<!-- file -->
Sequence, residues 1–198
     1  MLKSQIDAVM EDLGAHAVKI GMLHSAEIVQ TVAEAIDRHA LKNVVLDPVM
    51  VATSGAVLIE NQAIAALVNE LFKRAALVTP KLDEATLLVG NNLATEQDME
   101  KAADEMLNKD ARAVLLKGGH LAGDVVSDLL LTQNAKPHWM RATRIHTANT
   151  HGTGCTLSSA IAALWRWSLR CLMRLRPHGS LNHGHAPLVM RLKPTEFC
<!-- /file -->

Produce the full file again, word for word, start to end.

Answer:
Sequence, residues 1–198
     1  MLKSQIDAVM EDLGAHAVKI GMLHSAEIVQ TVAEAIDRHA LKNVVLDPVM
    51  VATSGAVLIE NQAIAALVNE LFKRAALVTP KLDEATLLVG NNLATEQDME
   101  KAADEMLNKD ARAVLLKGGH LAGDVVSDLL LTQNAKPHWM RATRIHTANT
   151  HGTGCTLSSA IAALWRWSLR CLMRLRPHGS LNHGHAPLVM RLKPTEFC